Crystallographic snapshot of cellulose synthesis and membrane translocation

Abstract

Cellulose, the most abundant biological macromolecule, is an extracellular, linear polymer of glucose molecules. It represents an essential component of plant cell walls but is also found in algae and bacteria. In bacteria, cellulose production frequently correlates with the formation of biofilms, a sessile, multicellular growth form. Cellulose synthesis and transport across the inner bacterial membrane is mediated by a complex of the membrane-integrated catalytic BcsA subunit and the membrane-anchored, periplasmic BcsB protein. Here we present the crystal structure of a complex of BcsA and BcsB from Rhodobacter sphaeroides containing a translocating polysaccharide. The structure of the BcsA–BcsB translocation intermediate reveals the architecture of the cellulose synthase, demonstrates how BcsA forms a cellulose-conducting channel, and suggests a model for the coupling of cellulose synthesis and translocation in which the nascent polysaccharide is extended by one glucose molecule at a time.

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Figure 1: Architecture of the BcsA–BcsB complex.
Figure 2: Organization of BcsA’s catalytic site and PilZ domain.
Figure 3: The membrane-integrated domain of BcsA–BcsB.
Figure 4: Organization of the periplasmic domain.
Figure 5: Proposed model for cellulose synthesis and translocation.

Accession codes

Primary accessions

Protein Data Bank

Data deposits

The atomic coordinates and structure factors have been deposited in the Protein Data Bank under accession number 4HG6.

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Acknowledgements

We are grateful to G. Murshudov for advice on Refmac refinement and U. and Z. Derewenda for discussions. We thank L. Tamm, M. Wiener, A. Walling and T. Rapoport for critical comments on the manuscript. X-ray diffraction data were collected at GM/CA- and Southeast Regional-Collaborative Access Team beamlines at the Advanced Photon Source (APS), Argonne National Laboratory. Use of the APS was supported by the US Department of Energy, Office of Science, Office of Basic Energy Sciences, contract no. DE-AC02-06CH11357 and W-31-109-Eng-38. GM/CA at APS has been funded in whole or in part with funds from the National Cancer Institute (Y1-CO-1020) and the National Institute of General Medical Sciences (Y1-GM-1104). The University of Georgia CCRC is supported by the Department of Energy funded Center for Plant and Microbial Complex Carbohydrates (DE-FG02-09ER-20097). J.L.W.M. is partially supported by a Peach Fellowship, University of Virginia. J.Z. is support by NIH grant 1R01GM101001 and start-up funds from the University of Virginia School of Medicine.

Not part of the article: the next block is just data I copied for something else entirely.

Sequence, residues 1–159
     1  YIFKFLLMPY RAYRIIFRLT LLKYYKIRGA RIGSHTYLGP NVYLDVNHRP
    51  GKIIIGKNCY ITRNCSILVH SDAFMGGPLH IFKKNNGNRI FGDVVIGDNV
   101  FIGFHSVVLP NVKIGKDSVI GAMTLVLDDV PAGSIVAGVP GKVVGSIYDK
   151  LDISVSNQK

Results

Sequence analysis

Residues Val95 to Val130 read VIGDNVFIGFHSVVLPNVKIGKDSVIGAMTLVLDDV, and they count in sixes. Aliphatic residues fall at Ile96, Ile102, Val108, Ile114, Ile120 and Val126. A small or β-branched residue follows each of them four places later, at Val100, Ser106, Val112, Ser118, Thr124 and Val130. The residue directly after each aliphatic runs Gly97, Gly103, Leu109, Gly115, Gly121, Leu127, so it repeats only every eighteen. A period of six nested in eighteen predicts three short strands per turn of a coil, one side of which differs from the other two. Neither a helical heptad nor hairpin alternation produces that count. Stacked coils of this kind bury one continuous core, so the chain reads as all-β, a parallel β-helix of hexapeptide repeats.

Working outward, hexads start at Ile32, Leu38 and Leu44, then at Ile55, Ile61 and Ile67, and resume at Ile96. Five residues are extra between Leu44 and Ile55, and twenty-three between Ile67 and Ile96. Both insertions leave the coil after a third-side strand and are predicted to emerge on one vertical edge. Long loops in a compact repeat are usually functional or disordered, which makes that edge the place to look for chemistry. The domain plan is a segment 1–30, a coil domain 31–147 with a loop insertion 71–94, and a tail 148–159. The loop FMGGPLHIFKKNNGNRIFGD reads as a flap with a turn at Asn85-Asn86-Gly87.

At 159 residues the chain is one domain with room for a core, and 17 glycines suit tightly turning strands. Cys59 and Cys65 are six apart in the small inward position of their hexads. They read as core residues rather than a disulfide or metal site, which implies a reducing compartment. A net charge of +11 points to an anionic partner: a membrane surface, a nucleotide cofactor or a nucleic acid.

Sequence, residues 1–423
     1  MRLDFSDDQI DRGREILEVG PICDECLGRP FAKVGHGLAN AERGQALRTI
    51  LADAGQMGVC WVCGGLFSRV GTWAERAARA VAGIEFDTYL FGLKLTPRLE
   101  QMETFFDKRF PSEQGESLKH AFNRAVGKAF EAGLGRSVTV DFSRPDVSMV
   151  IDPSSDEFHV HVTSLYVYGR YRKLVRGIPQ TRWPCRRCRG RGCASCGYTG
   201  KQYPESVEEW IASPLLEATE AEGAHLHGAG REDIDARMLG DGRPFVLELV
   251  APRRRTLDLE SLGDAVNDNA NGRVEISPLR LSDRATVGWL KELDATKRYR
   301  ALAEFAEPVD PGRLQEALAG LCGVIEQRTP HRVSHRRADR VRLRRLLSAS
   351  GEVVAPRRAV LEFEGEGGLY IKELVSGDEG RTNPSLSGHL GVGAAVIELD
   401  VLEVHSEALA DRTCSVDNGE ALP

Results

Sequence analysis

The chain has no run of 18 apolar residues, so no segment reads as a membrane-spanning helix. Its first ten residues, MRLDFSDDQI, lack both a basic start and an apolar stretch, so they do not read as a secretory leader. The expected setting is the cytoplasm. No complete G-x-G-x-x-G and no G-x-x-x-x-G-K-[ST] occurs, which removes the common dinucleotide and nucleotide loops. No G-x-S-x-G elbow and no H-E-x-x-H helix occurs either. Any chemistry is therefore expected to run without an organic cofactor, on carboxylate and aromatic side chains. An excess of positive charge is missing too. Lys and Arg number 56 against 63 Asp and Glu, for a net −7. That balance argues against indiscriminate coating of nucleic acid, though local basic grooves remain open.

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J.Z. designed the experiments. J.L.W.M. and J.Z. expressed, purified and crystallized the BcsA–BcsB complex. J.L.W.M. and J.Z. analysed the crystallographic data and built the model. J.S. performed in vitro cellulose synthesis assays. J.L.W.M. and J.Z. wrote the manuscript.

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Correspondence to Jochen Zimmer.

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Morgan, J., Strumillo, J. & Zimmer, J. Crystallographic snapshot of cellulose synthesis and membrane translocation. Nature 493, 181–186 (2013). https://doi.org/10.1038/nature11744

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